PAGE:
It’s difficult enough for a computer to understand a simple sentence. So how do you train it to recognize even the most representative keywords of a document that might run 10 or 20 pages in length?
Debanjan Mahata, a senior machine learning engineer at Bloomberg, wrestles with just this problem in his research paper titled “Key2Vec: Automated Ranked Keyphrase Extraction from Scientific Articles Using Phrase Embeddings,” which is being presented later today at the 16th Annual Conference of the North American Chapter of the Association for Computational Linguistics: Human Language Technologies (NAACL HLT), being held in New Orleans this week.
Mahata’s is the second of three Bloomberg-authored papers to be presented at the conference this year.
The initial goal of his work was to extract keywords from a corpus of scientific documents, comprising more than 5 million articles (of which 30% did not have keywords) in order to show them for the articles that did not have them, use them for search indexing and content-based recommendations.
By making changes to the popular TextRank model with a technique he calls Key2Vec, Mahata and his co-authors were able to improve the accuracy of keywords attributed to longer documents. His work shows that even without human-annotated data, it’s possible to train domain-specific keyphrase embeddings and use them to filter and rank phrases in a document. Keyword extraction, says Mahata, is one of the fundamental challenges in natural language processing (NLP), but one at which the field is struggling to get performances similar to other fundamental tasks, such as part-of-speech tagging and named entity recognition. It’s also an important part of eventually being able to summarize a longer document and add meaningful metadata that helps in search and information retrieval.
Mahata has never attended NAACL before, but he’s excited to participate this year. Says Mahata: “This is one of the top conferences in natural language processing.”
In order to train an algorithm to come up with good keywords without human intervention, says Mahata, the general approach has been to create a graph of all the candidate words in the document based on how closely they co-occur with each other. Unsupervised graph ranking methods that are mostly variants of the PageRank algorithm are generally used for scoring these words. The top-ranked words are then considered to be the representative keywords for the given document. The recent integration of word embeddings with this framework has been shown to produce promising results.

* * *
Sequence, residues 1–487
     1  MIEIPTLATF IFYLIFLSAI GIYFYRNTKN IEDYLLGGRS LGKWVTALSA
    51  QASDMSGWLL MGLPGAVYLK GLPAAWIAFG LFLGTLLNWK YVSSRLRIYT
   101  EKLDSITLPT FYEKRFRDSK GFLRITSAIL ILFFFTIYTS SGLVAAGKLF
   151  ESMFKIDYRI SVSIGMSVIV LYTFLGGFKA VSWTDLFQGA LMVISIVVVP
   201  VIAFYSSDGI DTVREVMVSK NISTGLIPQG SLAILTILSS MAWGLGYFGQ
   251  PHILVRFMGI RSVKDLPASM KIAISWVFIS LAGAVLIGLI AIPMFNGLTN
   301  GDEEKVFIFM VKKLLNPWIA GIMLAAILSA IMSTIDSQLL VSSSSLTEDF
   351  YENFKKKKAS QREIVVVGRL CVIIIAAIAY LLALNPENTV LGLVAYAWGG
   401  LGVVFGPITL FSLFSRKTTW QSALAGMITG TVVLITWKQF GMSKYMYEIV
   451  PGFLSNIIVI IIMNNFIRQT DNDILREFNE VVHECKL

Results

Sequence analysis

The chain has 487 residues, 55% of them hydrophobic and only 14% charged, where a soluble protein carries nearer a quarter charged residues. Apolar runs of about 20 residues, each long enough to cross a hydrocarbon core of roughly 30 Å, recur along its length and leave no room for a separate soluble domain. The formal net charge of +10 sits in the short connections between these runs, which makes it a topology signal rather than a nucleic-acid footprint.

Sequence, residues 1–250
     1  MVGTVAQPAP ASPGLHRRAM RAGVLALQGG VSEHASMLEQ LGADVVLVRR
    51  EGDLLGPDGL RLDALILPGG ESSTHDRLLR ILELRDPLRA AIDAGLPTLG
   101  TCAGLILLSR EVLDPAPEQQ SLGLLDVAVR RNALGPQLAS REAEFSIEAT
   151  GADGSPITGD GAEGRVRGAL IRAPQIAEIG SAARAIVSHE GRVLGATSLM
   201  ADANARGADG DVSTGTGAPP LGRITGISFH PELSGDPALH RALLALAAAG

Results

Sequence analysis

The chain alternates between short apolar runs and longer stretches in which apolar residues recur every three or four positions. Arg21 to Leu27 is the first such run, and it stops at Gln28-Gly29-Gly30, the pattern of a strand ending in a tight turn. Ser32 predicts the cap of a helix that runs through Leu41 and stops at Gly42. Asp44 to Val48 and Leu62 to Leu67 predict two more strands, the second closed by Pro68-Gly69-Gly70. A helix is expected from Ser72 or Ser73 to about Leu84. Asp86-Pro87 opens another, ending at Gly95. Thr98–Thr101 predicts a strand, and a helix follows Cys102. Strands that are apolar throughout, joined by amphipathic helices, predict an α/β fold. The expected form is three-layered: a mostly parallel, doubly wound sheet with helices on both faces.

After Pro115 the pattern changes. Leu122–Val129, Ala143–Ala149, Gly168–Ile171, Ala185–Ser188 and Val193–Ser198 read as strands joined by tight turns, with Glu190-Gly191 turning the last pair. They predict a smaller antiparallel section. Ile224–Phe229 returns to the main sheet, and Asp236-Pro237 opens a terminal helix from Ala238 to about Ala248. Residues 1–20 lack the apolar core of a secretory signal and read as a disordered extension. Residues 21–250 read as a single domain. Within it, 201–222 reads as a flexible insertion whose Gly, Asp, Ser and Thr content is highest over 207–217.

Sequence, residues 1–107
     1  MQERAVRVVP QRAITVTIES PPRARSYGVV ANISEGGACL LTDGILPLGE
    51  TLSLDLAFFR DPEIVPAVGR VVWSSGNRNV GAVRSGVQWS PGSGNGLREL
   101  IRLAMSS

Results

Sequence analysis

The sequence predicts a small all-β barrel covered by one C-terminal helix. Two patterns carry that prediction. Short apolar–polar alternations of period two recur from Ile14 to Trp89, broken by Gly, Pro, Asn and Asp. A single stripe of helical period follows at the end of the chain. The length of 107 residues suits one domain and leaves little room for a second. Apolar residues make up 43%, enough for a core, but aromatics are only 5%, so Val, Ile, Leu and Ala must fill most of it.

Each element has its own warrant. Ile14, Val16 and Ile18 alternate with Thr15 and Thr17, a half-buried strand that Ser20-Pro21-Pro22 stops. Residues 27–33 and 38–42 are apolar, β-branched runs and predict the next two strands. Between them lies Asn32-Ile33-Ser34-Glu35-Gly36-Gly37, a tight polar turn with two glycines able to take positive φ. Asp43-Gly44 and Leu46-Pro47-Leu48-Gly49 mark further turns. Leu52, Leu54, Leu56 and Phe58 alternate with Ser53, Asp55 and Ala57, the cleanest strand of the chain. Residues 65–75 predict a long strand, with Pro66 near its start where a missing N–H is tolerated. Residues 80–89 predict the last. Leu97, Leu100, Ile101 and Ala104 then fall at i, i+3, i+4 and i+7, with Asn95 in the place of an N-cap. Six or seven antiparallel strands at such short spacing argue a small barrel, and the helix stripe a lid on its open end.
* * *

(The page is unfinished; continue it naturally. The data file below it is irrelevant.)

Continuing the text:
Mahata’s innovation was to use phrase embeddings rather than word embeddings, which led to better accuracy. “You’d love to understand that ‘Barack Obama’ is one phrase, instead of ‘Barack’ as one word and ‘Obama’ as another,” explains Mahata. He proposed a tweak in parsing the sentences such that they are now represented as a combination of meaningful phrases and words that are further used for training phrase embeddings. In his graph, each node is represented as a phrase that is connected to other phrases, with the connections being weighted by how frequently they co-occur with each other, as well as their semantic relatedness. “This turned out to be very useful,” he says.
Mahata also assigned theme specific scores to each node of the graph that represented the association of that node with the overall theme of the document. The modified PageRank algorithm, which he refers to as “theme-weighted PageRank,” showed incremental improvement over previous ranking schemes using the PageRank framework. By combining these techniques, he was able to achieve results for his unsupervised method that are on par with methods that require human supervision, which have historically shown superior performance.
“There’s a need to push the envelope in unsupervised approaches to keyphrase extraction,” says Mahata. “We believe the answer lies in better representation of candidate keyphrases extracted from a document using word and phrase embeddings that can capture the main themes of the document and meaningful relationships between candidate keyphrases.”
The lessons from this research are already being applied by Mahata as part of his work on products that help companies screen the people and organizations they do business with, under a set of regulatory requirements referred to as Know Your Customer (or KYC). To comply with these rules, financial institutions may have to digest a large number of documents, from news articles to court cases, to execute the required due diligence to understand if a particular client is suitable for them.
“There is a need for summarization and keyword extraction with these documents in order to enable someone to understand what is going on with the person or organization of interest to them, especially when they may be associated with a crime, such as money laundering or fraud,” says Mahata. “We’re also looking at extending this strategy for summarization to other domains, such as news, in addition to studying the effects of training the phrase embeddings using other popular methods.”